The books section is supported by a generous donation from Anne Germanacos.
I try to use this time of reaching the end of the annual Torah reading cycle, and beginning again, as a reminder to keep my relationship to our core book from stagnating.
Lacking formidable interpretive skills myself, I’m highly dependent on the insights of others to keep myself engaged and growing. Fortunately, there is rarely a shortage of insightful new books on the Bible, and I’m thrilled that this fall we are being treated to the publication of books by two of our era’s finest scholars — Richard Elliott Friedman and James Kugel — that cast light on the ancient world that produced the Bible.
by Richard Elliott Friedman
In 2001, I attended Passover morning services at Sinai Temple in Los Angeles, where I had the good fortune of witnessing Rabbi David Wolpe deliver a sermon that would make waves. Wolpe noted that the field of archaeology had produced little compelling evidence corroborating the biblical account of the Exodus from Egypt, and that we should learn to become comfortable with the likelihood that the foundational story we teach at the seder is a myth. The response from congregants was considerably less enthusiastic than he had hoped for, and Wolpe had to spend much of the following year mending fences.
In his new book, “The Exodus,” Friedman mentions Wolpe’s challenge as one of the factors impelling him to take up this project to counter the growing chorus questioning the historicity of the Exodus.
However, Friedman is hardly a biblical literalist. While he asserts with confidence that an exodus from Egypt did occur, he holds that its scale was much smaller than that of the biblical account (and thus left fewer traces for archaeologists to detect). And, most significantly, he believes that rather than consisting of the entire community of Israelites, it was likely composed solely of Levites.
Friedman holds furthermore that there was no violent conquest of the land of Canaan, because the Israelites were already there, never having left. Rather, the Levites coming from Egypt merged with the greater Israelite population, as did their accounting of their own history.
Friedman’s characterizes his endeavor as “detective nonfiction,” using textual clues that come out through close reading to compensate for the lack of an extensive archaeological record to draw from. For example, he notes that all of the characters in the biblical narrative who possess Egyptian names are Levites. Much of Friedman’s textual evidence is predicated on the validity of the documentary hypothesis (which he expounded on in his most popular book, “Who Wrote the Bible?”), in which authorship of the Torah is attributed to distinct sources, enabling the identification of texts associated specifically with the Levites.
Much of the book’s second half is devoted to exploring “why it matters.” Using a variety of arguments, Friedman attempts to demonstrate that it is the post-Exodus union of Levites and Israelites that is responsible for the triumph of monotheism. He also holds that one of Judaism’s strongest ethical legacies can be traced directly to the Levites’ impact: the command, expressed dozens of times in the Torah, not to oppress the stranger. Found solely in passages thought to be authored by Levites, these plentiful reminders likely reflect their historical memory.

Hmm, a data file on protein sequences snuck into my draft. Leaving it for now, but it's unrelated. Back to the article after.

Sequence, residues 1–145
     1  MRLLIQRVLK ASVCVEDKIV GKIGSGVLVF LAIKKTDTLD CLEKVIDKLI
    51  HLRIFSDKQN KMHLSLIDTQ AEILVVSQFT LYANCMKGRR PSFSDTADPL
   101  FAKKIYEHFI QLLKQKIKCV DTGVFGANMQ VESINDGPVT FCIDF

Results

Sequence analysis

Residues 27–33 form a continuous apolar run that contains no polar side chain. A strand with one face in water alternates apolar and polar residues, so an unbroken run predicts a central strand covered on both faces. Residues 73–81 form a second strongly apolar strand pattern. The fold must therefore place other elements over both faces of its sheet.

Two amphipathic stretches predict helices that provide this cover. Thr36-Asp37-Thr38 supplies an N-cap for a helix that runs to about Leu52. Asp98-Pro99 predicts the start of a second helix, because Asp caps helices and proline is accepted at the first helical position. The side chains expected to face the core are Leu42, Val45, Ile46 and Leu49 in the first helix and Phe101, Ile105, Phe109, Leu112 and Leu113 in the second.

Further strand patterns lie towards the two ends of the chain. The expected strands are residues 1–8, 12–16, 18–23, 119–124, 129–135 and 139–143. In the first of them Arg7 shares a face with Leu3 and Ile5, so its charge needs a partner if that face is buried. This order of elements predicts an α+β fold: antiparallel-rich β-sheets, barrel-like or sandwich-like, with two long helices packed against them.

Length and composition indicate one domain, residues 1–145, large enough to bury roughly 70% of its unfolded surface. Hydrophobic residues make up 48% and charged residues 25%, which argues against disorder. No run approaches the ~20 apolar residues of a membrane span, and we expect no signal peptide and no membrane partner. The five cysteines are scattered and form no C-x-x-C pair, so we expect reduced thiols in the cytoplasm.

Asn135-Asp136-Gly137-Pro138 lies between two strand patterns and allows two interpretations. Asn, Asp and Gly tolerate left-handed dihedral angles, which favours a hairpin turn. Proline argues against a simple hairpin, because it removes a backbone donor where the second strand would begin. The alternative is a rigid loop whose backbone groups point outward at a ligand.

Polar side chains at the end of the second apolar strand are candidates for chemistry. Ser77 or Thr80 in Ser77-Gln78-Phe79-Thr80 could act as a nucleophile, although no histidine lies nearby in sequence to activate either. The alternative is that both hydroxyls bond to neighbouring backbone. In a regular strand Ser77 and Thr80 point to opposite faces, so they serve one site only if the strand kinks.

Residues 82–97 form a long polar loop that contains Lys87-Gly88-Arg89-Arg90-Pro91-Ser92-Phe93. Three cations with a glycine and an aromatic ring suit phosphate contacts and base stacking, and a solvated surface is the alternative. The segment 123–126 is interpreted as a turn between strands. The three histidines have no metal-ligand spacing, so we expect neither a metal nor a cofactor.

I am not in a position to confirm or dispute Friedman’s claims, but I can heartily recommend the book. Written in an accessible and frequently colloquial manner, it is a compelling case of using text to reconstruct history.
“The Great Shift”
by James Kugel
I was actually thinking of Friedman’s 1996 book “The Disappearance of God: A Divine Mystery,” which ponders God’s diminishing presence over the course of the Bible, as I was reading Kugel’s extraordinary new work, “The Great Shift: Encountering God in Biblical Times.” Kugel’s book masterfully answers some of the questions posed by Friedman, in part by shifting attention from authorship to audience.
In “The Great Shift,” which Kugel announces as his final work, the former Harvard professor is especially interested in understanding the ancient world in which people were receptive to tales of actually seeing and hearing God, and in understanding why these accounts of direct encounters tapered off.
Kugel traces how this earlier stage, in which people experienced the world as being imbued with the Divine, gave way to a very different religious understanding by the end of the period of biblical authorship and the advent of rabbinic Judaism. Although I am distorting his argument through oversimplification, he asserts that a radically different sense of selfhood and of the soul took shape during this time. He links this evolution to a changing understanding of God as being more distant and abstract — a deity that people need to be reminded or required to thank, or a deity that can be forgotten.
Although Kugel draws here from a variety of disciplines, including neuroscience, literature and anthropology, it is the evidence from close readings of biblical texts, as well as from other texts from the ancient Near East, that anchors his argument.
It is a masterful work. While dense, it is directed to the interested lay reader and is written with great clarity. And in spite of its title, the book moves well beyond the biblical era and speaks to the religious worldviews we inherit today. As Kugel writes eloquently and rather wistfully, “our complicated modern psyche has been purchased for a sky emptied of angels.”